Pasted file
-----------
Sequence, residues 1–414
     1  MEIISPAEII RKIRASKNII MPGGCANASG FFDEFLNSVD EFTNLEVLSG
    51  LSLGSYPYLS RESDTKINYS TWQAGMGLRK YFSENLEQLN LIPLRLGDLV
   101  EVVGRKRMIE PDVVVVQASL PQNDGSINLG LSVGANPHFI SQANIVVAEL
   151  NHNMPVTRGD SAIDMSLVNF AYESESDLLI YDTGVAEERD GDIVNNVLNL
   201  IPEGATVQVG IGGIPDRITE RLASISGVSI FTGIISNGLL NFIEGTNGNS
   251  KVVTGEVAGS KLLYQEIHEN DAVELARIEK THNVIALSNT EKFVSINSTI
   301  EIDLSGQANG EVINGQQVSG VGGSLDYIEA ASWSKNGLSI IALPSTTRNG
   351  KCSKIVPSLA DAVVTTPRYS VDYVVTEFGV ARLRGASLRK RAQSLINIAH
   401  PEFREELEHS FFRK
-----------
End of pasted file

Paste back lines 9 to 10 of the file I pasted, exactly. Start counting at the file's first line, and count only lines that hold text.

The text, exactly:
   351  KCSKIVPSLA DAVVTTPRYS VDYVVTEFGV ARLRGASLRK RAQSLINIAH
   401  PEFREELEHS FFRK